Monday, November 30, 2009
The Magic Bean Factor
In our journey as fly anglers, we progress through many stages. At one point or another, many of us fall for the magic bean factor. I define this as a search for a short-cut, usually in equipment, which will give us an advantage or substitute for a lack of skill. The magic bean factor is what often sells expensive high-end fly rods to novices. By purchasing that wonder-rod that costs more than a mortgage payment, we may be able to reach further, be more accurate, or become a better angler.
In some cases where necessary skill-sets and foundations have already been developed, buying that wonder-rod or reel may actually step up our performance. However, in many cases the money may be wasted. Thousands of golfers spend millions of dollars every year buying the very set of clubs that Tiger Woods is using, in hope that they can hit the ball farther or more accurately. In essence, they are attempting to buy a skill advantage.
Often it does not work. I see anglers all the time that have very excellent equipment, and cannot use it. I was and am still guilty of this myself. Some rods I fell out of love with, only to pick them up years later when my skills had matured, and then fell back in love with the rod. The equipment does not make the angler; the angler makes the equipment.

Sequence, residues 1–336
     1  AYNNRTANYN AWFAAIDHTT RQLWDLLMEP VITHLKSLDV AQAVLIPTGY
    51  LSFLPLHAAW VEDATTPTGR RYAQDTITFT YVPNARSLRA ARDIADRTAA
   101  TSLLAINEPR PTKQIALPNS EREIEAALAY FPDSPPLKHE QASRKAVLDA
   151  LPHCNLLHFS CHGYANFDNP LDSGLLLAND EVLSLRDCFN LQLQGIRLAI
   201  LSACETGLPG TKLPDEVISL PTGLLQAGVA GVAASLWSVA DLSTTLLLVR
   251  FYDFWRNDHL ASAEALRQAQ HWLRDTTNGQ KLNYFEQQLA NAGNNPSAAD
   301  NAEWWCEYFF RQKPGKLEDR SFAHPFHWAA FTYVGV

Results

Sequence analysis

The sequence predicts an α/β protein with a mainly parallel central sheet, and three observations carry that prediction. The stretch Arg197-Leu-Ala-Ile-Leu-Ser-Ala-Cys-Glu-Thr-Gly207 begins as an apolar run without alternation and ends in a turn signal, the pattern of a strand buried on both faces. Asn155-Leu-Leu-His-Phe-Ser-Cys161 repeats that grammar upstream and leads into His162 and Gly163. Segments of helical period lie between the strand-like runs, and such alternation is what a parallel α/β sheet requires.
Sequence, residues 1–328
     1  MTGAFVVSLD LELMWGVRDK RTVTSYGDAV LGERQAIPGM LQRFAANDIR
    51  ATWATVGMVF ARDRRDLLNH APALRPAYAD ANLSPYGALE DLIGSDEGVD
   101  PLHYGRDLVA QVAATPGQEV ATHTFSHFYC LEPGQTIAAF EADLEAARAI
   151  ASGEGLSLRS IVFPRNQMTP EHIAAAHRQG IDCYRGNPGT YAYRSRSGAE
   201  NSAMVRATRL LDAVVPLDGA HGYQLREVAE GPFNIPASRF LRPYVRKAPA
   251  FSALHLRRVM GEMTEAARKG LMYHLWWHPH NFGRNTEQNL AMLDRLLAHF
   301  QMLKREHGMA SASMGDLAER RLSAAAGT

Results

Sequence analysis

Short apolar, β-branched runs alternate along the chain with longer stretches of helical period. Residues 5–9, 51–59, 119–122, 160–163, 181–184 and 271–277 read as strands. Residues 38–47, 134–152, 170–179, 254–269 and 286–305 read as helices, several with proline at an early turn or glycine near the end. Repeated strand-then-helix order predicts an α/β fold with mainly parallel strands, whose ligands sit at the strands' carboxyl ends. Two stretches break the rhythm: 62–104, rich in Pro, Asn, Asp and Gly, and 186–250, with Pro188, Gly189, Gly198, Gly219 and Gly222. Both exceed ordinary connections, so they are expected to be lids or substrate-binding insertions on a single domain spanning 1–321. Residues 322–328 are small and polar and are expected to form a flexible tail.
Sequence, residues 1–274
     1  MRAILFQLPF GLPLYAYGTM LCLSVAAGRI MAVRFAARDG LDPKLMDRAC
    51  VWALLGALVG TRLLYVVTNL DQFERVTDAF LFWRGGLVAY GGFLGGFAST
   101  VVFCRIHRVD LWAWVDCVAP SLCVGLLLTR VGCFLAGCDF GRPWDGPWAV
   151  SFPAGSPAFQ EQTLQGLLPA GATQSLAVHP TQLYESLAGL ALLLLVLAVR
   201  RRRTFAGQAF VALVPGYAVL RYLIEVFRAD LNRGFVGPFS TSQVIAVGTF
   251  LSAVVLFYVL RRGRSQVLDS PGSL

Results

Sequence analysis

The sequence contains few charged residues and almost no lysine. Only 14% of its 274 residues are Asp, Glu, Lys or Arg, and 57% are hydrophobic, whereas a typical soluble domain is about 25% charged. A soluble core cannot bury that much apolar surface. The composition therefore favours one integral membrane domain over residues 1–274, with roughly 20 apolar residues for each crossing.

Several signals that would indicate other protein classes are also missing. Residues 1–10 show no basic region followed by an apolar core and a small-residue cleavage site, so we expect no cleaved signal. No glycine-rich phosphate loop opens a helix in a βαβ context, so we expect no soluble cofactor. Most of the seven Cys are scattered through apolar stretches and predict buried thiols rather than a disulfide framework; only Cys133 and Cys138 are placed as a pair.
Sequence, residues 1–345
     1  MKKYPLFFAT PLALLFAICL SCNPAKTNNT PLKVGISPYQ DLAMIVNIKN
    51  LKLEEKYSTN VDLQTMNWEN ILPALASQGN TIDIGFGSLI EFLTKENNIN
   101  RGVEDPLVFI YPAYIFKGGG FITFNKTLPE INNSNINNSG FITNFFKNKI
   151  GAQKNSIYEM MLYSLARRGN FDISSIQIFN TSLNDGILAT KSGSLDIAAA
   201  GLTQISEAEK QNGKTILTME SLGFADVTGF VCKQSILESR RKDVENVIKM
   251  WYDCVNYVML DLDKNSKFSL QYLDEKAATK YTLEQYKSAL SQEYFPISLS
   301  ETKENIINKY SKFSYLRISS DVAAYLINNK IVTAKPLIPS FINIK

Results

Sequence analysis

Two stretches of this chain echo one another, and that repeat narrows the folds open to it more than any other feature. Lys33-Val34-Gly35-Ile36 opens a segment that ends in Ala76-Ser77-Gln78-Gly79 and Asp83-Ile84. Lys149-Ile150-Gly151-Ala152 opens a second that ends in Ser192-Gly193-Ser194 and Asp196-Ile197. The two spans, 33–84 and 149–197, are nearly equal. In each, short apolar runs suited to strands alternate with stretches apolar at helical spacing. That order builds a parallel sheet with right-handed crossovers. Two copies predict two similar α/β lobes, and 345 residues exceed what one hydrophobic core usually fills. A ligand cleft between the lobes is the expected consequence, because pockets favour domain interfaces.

In simplified terms, it is the skill of the angler in conjunction with carefully chosen equipment for the situation that produces the best results. No short-cuts to the top.
When we get frustrated with something in our casting, we must ask the question “Is it me or the limitations of the rod/reel/line?” I would argue that in the majority of cases it is us. Equipment has come a long way in the past two decades. Although there are a few truly bad rods and lines out there, most manufacturers produce fine tackle. They could not stay in business in an increasingly competitive industry if they made junk. Chances are that any modern rod that we own today would cast circles around the rods that anglers such as Walt Johnson, Lee Wulff, Wes Drain, Earnest Schweibert, or Lefty Kreh used back in the day.
A good way to find out what your rod and line are capable of is to hand it to a good caster. Sometimes it is so humbling to watch as he or she tosses out a perfect cast. Harold Blaisdell wrote about his meeting with Wes Jordan in The Philosophical Fisherman. He was humbled to watch Wes pop out hundred foot casts with a small cane rod, while he reached a certain distance and then turned the loop into wild noodles. He discovered his limitations vs. the limitations of the equipment he was using.
This is not to say that one should not go out there and buy the best equipment he or she can afford. By all means, do so. However, if the equipment upgrade is intended to solve issues best worked out through time on the river or in practice, we have the magic-bean factor at work. The equipment will never make us better anglers, only we can do this.